What connects Hawaii and Scotland?
You might assume the answer is not much. But an international conference held at Chaminade University over the summer underscored just how much the two locales share – and how indigenous writers from Scotland and its isles and the Hawaiian Islands have much to learn from each other.
From June 28 to 30, the University hosted the International Association for the Study of Scottish Literatures conference, welcoming researchers from around the globe to hear illuminating lectures around the theme, “Scotland and the South Seas: Writing the Wide Pacific.” The conference focused on how Scottish and Pacific literary works influenced each other thanks to rich cultural exchanges.
Chaminade’s Division of Humanities and Fine Arts professors Dr. Allison Paynter and Dr. Richard Hill served as key organizers for the conference, partnering with historical organizations from across the state to offer plenary sessions that took their inspiration from author Robert Louis Stevenson’s writings and travels across the Pacific, including Hawaii. The conference also featured two leading scholars of Stevenson, Roslyn Jolly (University of New South Wales) and Penny Fielding (Edinburgh University).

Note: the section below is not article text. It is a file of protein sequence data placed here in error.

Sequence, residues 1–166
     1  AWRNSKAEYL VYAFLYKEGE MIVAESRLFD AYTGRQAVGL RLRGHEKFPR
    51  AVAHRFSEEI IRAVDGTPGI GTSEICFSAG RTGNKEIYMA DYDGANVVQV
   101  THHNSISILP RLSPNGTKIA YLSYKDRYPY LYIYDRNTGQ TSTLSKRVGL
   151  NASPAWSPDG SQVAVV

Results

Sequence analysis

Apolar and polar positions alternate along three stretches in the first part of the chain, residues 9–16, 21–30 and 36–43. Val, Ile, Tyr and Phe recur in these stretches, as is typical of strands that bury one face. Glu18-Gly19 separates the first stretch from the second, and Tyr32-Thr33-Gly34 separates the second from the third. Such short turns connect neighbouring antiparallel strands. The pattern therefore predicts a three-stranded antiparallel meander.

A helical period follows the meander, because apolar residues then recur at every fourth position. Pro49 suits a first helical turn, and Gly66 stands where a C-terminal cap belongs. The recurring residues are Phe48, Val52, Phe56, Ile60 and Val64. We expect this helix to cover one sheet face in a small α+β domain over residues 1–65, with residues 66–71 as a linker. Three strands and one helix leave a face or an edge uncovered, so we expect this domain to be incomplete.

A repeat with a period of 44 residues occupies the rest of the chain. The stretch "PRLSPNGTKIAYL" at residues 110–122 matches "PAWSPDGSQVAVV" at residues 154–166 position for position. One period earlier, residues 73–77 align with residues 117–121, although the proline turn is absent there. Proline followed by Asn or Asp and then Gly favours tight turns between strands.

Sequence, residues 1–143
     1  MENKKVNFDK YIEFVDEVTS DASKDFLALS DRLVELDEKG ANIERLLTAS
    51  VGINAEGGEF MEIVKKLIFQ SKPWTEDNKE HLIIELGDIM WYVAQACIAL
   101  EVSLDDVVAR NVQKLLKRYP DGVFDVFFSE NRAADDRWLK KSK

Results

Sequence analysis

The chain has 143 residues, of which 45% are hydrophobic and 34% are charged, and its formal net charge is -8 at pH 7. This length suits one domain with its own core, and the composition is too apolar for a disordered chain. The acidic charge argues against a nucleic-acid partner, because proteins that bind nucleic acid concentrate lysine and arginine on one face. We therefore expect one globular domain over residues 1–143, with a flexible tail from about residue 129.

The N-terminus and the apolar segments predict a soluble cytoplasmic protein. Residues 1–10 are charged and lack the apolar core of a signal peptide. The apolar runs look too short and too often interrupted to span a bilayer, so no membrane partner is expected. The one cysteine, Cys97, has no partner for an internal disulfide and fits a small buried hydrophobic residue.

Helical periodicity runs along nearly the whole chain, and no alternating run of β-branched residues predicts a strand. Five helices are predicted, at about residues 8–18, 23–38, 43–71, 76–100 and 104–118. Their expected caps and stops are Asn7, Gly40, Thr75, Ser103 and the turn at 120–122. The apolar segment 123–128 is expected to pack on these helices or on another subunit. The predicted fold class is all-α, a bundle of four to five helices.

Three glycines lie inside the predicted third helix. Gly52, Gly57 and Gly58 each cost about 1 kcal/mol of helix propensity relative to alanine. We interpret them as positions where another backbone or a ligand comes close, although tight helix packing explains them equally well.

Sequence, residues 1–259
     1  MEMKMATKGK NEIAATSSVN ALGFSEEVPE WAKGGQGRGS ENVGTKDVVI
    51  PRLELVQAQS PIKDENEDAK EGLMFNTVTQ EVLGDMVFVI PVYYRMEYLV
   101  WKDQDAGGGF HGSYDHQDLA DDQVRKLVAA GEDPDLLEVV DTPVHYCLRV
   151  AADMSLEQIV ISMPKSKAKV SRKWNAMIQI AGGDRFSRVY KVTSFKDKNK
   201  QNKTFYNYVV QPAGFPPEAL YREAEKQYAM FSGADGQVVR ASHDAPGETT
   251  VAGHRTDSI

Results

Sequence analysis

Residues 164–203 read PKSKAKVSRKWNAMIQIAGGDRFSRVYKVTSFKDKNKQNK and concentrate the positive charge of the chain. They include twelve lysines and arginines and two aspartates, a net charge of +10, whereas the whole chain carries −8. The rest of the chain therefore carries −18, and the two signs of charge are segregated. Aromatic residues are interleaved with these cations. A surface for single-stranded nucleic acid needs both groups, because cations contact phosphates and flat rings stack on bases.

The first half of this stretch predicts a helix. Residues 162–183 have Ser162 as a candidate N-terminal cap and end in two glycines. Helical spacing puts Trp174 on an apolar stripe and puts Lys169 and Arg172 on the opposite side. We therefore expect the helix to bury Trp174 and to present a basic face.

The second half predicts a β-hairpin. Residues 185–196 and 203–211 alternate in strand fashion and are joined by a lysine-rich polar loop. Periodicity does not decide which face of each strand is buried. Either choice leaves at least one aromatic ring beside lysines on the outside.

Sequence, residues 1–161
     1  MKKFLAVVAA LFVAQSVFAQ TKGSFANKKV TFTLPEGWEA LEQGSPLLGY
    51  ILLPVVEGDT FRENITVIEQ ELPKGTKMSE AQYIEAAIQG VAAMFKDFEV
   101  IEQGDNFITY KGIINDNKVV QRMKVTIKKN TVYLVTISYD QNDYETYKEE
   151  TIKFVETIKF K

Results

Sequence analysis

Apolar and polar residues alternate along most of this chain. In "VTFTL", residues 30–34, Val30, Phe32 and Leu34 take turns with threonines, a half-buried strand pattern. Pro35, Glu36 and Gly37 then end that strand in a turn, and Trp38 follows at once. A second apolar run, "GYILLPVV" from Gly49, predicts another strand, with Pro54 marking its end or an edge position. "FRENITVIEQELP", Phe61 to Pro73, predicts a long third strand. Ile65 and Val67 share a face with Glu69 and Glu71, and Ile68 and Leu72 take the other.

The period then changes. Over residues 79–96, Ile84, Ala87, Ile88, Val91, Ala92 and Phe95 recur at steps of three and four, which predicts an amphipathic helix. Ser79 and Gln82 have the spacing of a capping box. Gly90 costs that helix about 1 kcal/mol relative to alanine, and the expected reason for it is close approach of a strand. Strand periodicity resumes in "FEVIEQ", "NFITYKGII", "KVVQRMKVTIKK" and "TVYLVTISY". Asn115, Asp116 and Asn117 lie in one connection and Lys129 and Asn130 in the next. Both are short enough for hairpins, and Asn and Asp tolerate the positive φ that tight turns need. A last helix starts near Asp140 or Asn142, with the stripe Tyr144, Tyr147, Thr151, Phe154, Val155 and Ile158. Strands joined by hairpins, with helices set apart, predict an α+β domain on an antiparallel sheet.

As part of the conference, Chaminade’s Sullivan Family Library worked to bring Stevenson’s stories to life, coordinating with Hawaii artist Solomon Enos and others to create pieces inspired by his many writings.
Paynter and Hill said the conference was so rich, they’re planning to write a book about the takeaways.
Also over the summer, Paynter was named a James Weldon Johnson Foundation artist-in-residence. The foundation seeks to advance Weldon’s legacy through educational, intellectual and artistic works. Weldon was an author, diplomat, attorney and strong advocate for social justice.